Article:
As illustrated in FIG. 5, I may modify the signaling means in housing 13 by mounting a pointer 16' on the shaft of the impeller wheel 15 for rotation thereby; the dial may then be painted on the transparent housing wall.

As further shown in FIGS. 2-5, the hammerhead 11 is provided with a restricted opening 18 through which air from the compressed bellows can escape with a whistling sound. Thus, a blow of this reflex hammer has the dual effect of giving a visual as well as an audible signal.

A similar reflex hammer 10a, shown in FIG. 6, is provided in the interior of its bellows 11a with an axial pin 19 which, upon compression of the bellows by a blow, bears upon a contact spring 19' to close an energizing circuit for a signal lamp 15a in a transparent or translucent housing 13a forming a rearward extension of hammerhead 11a. Spring 19' is connected to one terminal of a battery 19" in handle 12a, the other terminal of that battery being connected to a socket 16a for the lamp 15a.

The toy stethoscope 20 is shown in FIG. 7 to comprise a cup-shaped housing 21, resembling a chest piece, which is spanned on its underside by a membrane 21' (see FIG. 1) and has a tubular boss 22 forming a receptacle for a battery 23. A sleeve 24, designed as a handgrip, slidably surrounds the boss 22 and is anchored thereto by a contact spring 25 in the form of a conductive element whose lower end engages one terminal of the battery and whose upper end is shaped into a clip projecting into a cutout of sleeve 24 for releasably holding same in position with limited relative axial mobility. Sleeve 24 is topped by a translucent cap 24' containing a signal lamp 26 whose base is threaded into a socket which is in electrical contact with spring 25, that spring also urging the sleeve upward to separate a contact point at the bottom of lamp 26 from the upper terminal of battery 23. Thus, when a user gripping the sleeve 24 presses the cup 21 against an object, e.g. the chest of a doll or another child, the gap between lamp 26 and battery 23 is closed to illuminate the translucent cap 24'.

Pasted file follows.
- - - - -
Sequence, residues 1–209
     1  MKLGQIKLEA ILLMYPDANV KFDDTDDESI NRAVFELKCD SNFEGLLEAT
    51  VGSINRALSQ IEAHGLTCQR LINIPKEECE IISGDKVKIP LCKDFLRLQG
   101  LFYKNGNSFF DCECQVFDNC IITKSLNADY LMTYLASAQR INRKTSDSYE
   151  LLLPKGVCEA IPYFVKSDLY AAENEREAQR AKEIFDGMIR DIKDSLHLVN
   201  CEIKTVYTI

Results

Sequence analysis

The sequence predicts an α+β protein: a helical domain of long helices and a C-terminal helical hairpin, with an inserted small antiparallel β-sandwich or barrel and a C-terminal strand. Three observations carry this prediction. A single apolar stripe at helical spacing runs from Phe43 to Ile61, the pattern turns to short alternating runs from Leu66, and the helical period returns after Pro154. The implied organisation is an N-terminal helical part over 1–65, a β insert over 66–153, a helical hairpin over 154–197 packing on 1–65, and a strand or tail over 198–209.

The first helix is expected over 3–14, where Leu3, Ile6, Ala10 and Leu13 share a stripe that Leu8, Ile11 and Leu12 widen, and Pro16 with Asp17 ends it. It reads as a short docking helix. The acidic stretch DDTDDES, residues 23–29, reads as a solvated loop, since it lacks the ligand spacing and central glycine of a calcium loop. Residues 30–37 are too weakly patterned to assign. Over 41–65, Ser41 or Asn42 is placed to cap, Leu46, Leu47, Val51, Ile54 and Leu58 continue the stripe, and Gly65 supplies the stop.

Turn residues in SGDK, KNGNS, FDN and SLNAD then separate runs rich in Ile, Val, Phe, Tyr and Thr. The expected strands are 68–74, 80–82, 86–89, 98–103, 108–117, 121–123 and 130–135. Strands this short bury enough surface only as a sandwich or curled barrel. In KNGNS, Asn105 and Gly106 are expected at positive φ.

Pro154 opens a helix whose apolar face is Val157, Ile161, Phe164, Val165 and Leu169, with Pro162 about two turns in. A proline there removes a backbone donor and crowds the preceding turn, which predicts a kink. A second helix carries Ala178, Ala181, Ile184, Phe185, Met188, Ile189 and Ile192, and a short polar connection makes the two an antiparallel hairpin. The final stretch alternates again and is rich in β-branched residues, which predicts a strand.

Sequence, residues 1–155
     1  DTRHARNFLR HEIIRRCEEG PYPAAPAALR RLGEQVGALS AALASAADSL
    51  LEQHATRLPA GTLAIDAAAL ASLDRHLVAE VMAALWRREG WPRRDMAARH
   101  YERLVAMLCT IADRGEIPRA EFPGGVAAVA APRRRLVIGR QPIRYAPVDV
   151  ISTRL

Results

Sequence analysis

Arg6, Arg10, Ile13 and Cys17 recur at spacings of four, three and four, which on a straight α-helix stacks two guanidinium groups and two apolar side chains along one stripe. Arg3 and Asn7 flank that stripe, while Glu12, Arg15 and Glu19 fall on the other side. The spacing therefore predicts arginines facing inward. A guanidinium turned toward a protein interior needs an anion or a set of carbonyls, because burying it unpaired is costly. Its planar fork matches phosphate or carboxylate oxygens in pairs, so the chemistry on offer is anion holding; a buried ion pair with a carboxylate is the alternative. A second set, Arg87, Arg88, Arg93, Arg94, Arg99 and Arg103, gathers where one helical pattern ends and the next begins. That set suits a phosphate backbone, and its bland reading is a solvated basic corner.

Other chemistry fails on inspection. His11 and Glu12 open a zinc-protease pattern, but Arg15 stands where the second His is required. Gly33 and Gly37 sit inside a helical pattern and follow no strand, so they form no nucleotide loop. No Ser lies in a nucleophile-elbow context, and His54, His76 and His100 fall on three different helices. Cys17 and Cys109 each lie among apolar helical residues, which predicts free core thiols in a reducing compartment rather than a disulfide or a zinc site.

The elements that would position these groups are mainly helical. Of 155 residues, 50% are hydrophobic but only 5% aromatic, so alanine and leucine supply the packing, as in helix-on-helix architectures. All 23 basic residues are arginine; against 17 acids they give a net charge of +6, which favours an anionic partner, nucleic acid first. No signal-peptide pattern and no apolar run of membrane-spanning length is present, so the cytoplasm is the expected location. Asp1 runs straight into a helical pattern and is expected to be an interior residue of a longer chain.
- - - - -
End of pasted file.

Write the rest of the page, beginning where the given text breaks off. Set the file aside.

Stethoscope 20 also comprises flexible links 17, preferably in the form of plastic tubing, extending to a pair of earplugs 28 illustrated in FIG. 1. Noise generated by relative movements of cap 21 and sleeve 24 may be audibly perceived through the earplugs.

In FIGS. 8 and 9 I have shown part of a modified toy stethoscope wherein the handgrip 24a is an opaque, generally bell-shaped casing in which a cylindrical cup 21a is axially slidable while being biased outward by a compression spring 25a inside the casing. Cup 21a is rigid with a scale carrier 26a whose markings are partly visible through a window 24a' in that casing. Thus, the scale carrier 26a visually indicates the relative position of the chest piece 21a and the handgrip 24a which may be movably anchored thereto by a clip similar to the spring of FIG. 7.

FIGS. 10 and 11 show another modified handgrip 24b with a flattened upper part in which a scale-carrying indicator disk 26b is rotatably journaled so as to be partly visible through a slot 24b'. Disk 26b is rigid with a ratchet 29 coacting with a resilient pawl 29' which rises from the cup-shaped chest piece 21b. A compression spring 25b bears upon the cup 21b and on an internal ledge of casing 24b, urging them apart against the retaining force of a nonillustrated spring clip or the like. Thus, an inward motion of cup 21b relative to casing 24b will step the ratchet 29 and thereby change the reading of the scale visible through slot 24b'.